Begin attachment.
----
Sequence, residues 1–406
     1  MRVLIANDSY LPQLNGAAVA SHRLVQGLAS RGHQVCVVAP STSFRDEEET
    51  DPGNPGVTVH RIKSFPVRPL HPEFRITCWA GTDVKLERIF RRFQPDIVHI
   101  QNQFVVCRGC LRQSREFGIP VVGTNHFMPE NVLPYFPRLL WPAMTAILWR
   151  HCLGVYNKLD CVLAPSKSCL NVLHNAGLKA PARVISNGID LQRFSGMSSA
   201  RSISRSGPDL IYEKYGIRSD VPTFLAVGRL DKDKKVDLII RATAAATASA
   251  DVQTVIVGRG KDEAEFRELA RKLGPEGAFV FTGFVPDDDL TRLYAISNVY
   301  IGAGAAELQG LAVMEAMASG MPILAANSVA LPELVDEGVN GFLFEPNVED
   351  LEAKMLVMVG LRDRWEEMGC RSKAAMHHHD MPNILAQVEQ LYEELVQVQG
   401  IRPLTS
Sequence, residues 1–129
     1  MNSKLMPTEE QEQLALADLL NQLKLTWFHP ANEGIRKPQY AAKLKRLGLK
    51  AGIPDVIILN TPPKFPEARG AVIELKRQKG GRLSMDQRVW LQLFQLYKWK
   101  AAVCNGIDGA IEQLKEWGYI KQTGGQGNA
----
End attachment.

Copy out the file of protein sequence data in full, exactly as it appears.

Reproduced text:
Sequence, residues 1–406
     1  MRVLIANDSY LPQLNGAAVA SHRLVQGLAS RGHQVCVVAP STSFRDEEET
    51  DPGNPGVTVH RIKSFPVRPL HPEFRITCWA GTDVKLERIF RRFQPDIVHI
   101  QNQFVVCRGC LRQSREFGIP VVGTNHFMPE NVLPYFPRLL WPAMTAILWR
   151  HCLGVYNKLD CVLAPSKSCL NVLHNAGLKA PARVISNGID LQRFSGMSSA
   201  RSISRSGPDL IYEKYGIRSD VPTFLAVGRL DKDKKVDLII RATAAATASA
   251  DVQTVIVGRG KDEAEFRELA RKLGPEGAFV FTGFVPDDDL TRLYAISNVY
   301  IGAGAAELQG LAVMEAMASG MPILAANSVA LPELVDEGVN GFLFEPNVED
   351  LEAKMLVMVG LRDRWEEMGC RSKAAMHHHD MPNILAQVEQ LYEELVQVQG
   401  IRPLTS
Sequence, residues 1–129
     1  MNSKLMPTEE QEQLALADLL NQLKLTWFHP ANEGIRKPQY AAKLKRLGLK
    51  AGIPDVIILN TPPKFPEARG AVIELKRQKG GRLSMDQRVW LQLFQLYKWK
   101  AAVCNGIDGA IEQLKEWGYI KQTGGQGNA